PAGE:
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Tyler Kroft more relaxed heading into sophomore campaign with Bengals

The second year tight end discusses what it's like to deal with the expectations of year two.

Aaron Doster-USA TODAY Sports

Few players are lucky enough to have successful rookie campaigns like Bengals tight end Tyler Kroft. In 2015, he managed to hit that sweet spot of sitting and learning behind a league-leading talent like Tyler Eifert, while still managing to contribute with impressive performances for the team when he had a chance.

Due to Eifert being injured with a stinger and concussion, Kroft had the opportunity to start six games in 2015. In those six starts and some other game action through the rest of the season, he caught 11 of the 15 passes thrown his way for 129 yards and a touchdown. That's not a particularly eye popping stat line, but what's impressive is the fact that he did that despite being the understudy to the league's top scoring tight end.

However, last year is in the past and it's time to look forward to 2016. For Kroft, that means taking all of the lessons and learning experiences from his rookie season and turning them into a successful sophomore campaign. That could be a fairly substantial amount of pressure to live up to after a solid rookie campaign, but Kroft doesn't see it that way.

"It's a whole different world because I know what to expect now," Kroft told Dan Hoard in an interview on, "The playbook looks a lot more familiar. There's a lot less anxiety going into practice. It's good"

Being able to come into practice with an already established knowledge of the playbook is a particular advantage for anyone hoping to make an impact on the team. Surely, most Bengals fans remember the debacle that was Akili Smith's career, whose biggest downfall was a complete and total inability to read or understand the team's playbook. For Kroft to feel confident about that aspect going into his second season is a very good sign for his ability to meet the expectations he set in his rookie season.

Playing well early on is a great way to lay the foundation for sustained success in the NFL and Kroft also seems to understand the importance of his rookie season performance.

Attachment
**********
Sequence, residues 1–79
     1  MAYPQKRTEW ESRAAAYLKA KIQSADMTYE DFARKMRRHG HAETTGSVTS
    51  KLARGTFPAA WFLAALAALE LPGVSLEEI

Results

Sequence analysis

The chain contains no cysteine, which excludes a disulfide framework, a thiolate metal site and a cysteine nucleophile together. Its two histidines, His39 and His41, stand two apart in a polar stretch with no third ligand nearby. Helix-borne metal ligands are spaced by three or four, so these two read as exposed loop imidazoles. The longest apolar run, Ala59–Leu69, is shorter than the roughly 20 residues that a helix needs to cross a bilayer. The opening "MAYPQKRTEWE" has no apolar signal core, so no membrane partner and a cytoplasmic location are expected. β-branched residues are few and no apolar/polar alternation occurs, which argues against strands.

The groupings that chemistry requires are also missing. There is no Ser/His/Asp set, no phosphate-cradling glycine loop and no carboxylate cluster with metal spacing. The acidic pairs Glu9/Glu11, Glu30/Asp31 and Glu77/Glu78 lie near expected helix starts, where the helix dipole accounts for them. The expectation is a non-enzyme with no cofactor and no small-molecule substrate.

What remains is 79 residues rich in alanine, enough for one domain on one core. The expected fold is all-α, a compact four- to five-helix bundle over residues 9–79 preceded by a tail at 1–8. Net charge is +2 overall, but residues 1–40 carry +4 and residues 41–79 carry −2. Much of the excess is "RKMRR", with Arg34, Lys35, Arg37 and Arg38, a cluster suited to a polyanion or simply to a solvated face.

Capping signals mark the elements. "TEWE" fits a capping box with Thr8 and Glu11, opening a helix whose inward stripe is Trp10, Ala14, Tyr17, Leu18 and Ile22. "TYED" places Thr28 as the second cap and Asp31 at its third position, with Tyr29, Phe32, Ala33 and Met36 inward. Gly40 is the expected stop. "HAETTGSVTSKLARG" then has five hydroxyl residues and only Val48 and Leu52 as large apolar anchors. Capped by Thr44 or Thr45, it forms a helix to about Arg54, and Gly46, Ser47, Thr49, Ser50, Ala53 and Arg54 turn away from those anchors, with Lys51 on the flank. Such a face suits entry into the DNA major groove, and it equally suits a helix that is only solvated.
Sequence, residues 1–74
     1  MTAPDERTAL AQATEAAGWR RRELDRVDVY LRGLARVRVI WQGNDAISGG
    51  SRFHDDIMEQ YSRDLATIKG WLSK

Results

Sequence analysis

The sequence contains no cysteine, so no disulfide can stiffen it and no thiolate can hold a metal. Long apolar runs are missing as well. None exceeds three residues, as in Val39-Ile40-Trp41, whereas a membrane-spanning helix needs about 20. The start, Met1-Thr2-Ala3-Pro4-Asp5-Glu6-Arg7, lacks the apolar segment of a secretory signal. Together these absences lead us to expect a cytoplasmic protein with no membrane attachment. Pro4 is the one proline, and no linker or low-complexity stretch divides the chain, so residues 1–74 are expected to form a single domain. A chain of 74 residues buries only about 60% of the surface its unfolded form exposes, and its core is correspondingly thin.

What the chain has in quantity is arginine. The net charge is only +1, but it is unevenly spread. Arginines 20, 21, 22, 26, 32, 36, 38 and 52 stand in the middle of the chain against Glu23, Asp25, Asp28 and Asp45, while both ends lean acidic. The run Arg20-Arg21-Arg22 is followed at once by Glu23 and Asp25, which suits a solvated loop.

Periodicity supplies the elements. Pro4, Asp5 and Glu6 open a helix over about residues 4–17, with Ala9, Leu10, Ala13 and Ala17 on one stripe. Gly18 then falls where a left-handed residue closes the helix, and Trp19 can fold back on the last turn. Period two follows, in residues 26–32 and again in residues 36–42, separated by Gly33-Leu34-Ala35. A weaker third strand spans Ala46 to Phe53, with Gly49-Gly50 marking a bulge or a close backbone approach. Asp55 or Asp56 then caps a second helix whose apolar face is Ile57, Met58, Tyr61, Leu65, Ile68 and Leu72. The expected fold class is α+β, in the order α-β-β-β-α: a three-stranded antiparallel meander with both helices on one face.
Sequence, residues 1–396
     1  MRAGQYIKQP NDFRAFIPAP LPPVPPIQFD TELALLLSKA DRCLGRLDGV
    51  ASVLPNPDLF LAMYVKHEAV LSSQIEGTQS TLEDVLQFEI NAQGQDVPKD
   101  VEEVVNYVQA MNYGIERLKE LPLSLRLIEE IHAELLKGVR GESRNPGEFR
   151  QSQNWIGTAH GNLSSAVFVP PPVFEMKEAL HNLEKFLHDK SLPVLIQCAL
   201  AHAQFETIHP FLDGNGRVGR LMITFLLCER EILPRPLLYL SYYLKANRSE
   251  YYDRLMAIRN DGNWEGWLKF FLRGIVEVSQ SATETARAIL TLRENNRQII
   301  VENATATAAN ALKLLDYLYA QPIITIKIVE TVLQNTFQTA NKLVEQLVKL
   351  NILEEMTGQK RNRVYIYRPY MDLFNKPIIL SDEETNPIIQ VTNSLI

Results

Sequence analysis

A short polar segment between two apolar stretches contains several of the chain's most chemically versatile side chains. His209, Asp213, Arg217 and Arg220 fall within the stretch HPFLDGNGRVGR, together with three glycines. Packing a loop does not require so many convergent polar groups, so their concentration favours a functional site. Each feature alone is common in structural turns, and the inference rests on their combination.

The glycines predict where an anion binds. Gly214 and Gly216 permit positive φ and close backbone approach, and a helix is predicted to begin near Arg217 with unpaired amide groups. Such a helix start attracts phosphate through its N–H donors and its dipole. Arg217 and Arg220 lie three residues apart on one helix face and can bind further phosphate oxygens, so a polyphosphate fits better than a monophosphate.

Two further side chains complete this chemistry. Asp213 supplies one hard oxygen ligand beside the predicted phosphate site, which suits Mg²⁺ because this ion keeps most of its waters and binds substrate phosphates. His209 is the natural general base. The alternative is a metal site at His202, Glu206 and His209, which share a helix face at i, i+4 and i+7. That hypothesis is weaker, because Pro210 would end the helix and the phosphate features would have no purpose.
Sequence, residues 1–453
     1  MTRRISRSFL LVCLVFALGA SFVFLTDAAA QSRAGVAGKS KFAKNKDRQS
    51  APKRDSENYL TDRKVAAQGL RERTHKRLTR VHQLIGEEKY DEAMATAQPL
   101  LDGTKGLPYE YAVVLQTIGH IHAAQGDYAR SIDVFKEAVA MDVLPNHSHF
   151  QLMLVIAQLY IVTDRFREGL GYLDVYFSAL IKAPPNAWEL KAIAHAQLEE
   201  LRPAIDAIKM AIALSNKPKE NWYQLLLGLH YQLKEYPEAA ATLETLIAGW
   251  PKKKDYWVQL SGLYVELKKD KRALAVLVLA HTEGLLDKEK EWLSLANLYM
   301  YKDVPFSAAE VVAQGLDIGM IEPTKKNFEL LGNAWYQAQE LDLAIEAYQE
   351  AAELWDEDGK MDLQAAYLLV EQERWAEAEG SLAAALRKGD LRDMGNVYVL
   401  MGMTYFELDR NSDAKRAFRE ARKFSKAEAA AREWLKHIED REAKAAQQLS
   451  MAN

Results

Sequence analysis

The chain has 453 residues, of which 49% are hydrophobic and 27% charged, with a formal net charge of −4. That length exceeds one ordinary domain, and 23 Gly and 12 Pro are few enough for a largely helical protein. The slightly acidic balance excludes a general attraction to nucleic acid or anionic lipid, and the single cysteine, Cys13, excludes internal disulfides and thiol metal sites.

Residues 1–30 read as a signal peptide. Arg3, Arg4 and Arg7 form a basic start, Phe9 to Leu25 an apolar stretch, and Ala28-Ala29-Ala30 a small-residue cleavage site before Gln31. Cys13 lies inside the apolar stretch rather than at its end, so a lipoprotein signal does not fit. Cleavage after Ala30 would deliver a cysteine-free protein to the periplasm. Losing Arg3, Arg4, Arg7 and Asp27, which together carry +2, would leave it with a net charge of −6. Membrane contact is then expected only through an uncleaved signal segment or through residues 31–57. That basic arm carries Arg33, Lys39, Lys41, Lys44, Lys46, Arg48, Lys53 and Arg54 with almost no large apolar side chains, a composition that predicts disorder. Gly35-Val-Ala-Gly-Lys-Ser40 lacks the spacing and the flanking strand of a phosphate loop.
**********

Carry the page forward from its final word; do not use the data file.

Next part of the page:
"I thought it went pretty well," Kroft told Hoard about his rookie season, "Like you said, I was out there a lot. To me, that's awesome.  I just want to be out on the field. Obviously I built some trust up with the coaches throughout the year."

Notably, however, he is not showing signs of that valuable confidence turning into distracting cockiness, as so many players have allowed to happen in the past. Kroft comes across as being extremely humble and knows that, to continue to be successful in the NFL, he can't just rest on the success of his rookie performance.

"Obviously, there's a lot to improve on," Kroft continued, "It's awesome being out here and competing day by day and getting better."

Specifically, Kroft mentioned one particular area that he would like to improve upon. "I really want to work on explosion and hip flexibility so that I can get into my blocks better," Kroft noted when asked about what he is focusing on in training.

It's interesting that he points out wanting to improve on an aspect of his blocking ability. Coming out of college, Kroft was tagged as an impressive blocking tight end who didn't quite possess the receiving abilities that modern teams really covet at the position. However, since the Bengals already had a top tier pass catching tight end in Eifert, they decided to give Kroft a chance to shore up the edge blocking aspect of the offense.

Theoretically, you would think he would want to improve on his pass catching ability to become more well rounded and more wholly valuable to an NFL team. That seems especially valuable right now while Eifert is injured and Kroft has the opportunity to step up, should the injury keep Eifert out for the first few games on the season. Instead, he's sticking to his guns and focusing on becoming even better at something he's already known for being good at.

Regardless, it's great for the Bengals to have a player like Kroft who doesn't like to rest on his laurels and he'll certainly come in handy if Eifert misses games due to his ankle injury.